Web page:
Fetal development in pregnancy week 4:embryo in first month
By the end of this week the round and pointy ends of your little pear-shaped baby will be slightly more exaggerated and their body will look more like that of a miniature manatee. Despite your baby not looking particularly human without any eyes, ears or mouth, the earliest developments of what will become the larynx, internal ear, and eye lens are already forming, although you’d have to be a trained expert to recognize them for what they’re going to be in the future. Likewise, tiny bumps are forming on your little embryo which will eventually be their cute little arms, elbows, fingers, legs, knees and toes. What’s more your little swimmer will have a teeny tiny tail by the end of this week-- but don’t worry, it’s just the end of their developing spinal cord! A microscopic photo would reveal what seems to be their vertebrae filling out the spine and tail. Although they aren’t bones yet, but rather, the “bone seeds” that will give rise to your baby's tiny vertebrae, ribs and sternum.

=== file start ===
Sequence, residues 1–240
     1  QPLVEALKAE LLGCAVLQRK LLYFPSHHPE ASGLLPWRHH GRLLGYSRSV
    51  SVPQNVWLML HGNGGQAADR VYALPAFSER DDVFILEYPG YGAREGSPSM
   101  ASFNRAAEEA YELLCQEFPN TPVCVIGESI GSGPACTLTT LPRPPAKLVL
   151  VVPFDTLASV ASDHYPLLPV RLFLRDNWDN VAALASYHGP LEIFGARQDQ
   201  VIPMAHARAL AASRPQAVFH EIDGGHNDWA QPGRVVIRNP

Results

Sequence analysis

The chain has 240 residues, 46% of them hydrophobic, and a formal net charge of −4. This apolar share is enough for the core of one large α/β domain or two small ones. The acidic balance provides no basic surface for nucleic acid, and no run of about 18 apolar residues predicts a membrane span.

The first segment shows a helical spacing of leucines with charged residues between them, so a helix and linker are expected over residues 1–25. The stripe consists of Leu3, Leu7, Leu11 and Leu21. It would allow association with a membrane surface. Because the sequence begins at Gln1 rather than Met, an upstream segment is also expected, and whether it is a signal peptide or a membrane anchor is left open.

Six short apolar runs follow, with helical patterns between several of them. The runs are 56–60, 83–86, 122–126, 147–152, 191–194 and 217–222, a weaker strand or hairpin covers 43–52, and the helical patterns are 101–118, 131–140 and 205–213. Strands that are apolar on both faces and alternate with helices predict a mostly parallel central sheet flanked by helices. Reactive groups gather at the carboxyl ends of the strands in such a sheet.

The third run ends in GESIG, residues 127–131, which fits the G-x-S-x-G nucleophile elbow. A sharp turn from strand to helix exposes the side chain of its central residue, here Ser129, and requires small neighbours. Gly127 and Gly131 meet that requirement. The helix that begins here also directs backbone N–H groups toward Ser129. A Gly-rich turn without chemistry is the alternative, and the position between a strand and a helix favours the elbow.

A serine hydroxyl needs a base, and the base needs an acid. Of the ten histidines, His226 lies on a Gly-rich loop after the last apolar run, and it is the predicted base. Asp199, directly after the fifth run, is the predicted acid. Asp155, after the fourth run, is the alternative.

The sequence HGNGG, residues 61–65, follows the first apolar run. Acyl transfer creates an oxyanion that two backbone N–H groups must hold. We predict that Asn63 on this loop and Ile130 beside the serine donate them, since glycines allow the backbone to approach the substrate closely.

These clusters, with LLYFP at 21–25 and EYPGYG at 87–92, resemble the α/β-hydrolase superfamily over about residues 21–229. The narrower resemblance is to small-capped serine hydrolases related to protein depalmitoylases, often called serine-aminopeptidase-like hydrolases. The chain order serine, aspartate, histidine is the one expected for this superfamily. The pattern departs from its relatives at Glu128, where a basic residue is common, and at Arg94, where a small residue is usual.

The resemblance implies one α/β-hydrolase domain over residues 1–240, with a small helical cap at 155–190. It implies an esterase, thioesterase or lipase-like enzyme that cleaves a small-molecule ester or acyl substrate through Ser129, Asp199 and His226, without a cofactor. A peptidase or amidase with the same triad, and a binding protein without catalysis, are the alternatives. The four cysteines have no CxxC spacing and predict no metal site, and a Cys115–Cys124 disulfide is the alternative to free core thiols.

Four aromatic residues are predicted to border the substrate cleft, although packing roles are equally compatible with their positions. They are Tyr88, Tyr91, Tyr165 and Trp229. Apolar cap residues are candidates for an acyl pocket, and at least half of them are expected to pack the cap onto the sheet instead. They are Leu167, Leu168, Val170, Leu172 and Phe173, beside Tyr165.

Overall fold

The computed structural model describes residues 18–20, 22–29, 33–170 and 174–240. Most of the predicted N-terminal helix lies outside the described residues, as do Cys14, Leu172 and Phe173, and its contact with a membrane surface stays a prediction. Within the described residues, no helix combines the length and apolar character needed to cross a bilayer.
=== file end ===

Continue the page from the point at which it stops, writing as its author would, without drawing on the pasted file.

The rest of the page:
And how's mom doing?
This week is not unlike the previous weeks; your pregnancy symptoms may be increasing, as expected. In fact, the earliest symptoms of morning sickness may set in for some women at this time. The not-so-lovely symptoms run the normal flu gamut including: nausea and vomiting. Although this typically the whole reason for morning sickness: to clear your system of any toxic food by-products which—although fine for your adult stomach, could cause considerable harm to your baby’s newly forming digestive tract and other body systems occurs in the morning and resolves itself by midday, morning sickness can come at any time, day or night, so—for some of you, you’ll just have to make frequent stops throughout the day to kneel before the porcelain throne. In general, most pregnant women don’t experience morning sickness until their sixth week, but it never hurts to know what vomit-y fate may be awaiting you.
Morning sickness is due to several changes that are taking place in your body. First, you are now pumping out significantly larger amounts of estrogen and progesterone than normal, and your body is not used to this. Interactions between the hormones and your stomach result in the less-than-wonderful nausea. Also, your GI-tract is much more sensitive and some doctors theorize that this sensitivity is potentially the whole reason for morning sickness: to clear your system of any toxic food by-products which—although fine for your adult stomach, could cause considerable harm to your baby’s newly forming digestive tract and other body systems . If it helps, you could always think of the morning sickness as a baby-facilitated body cleanse.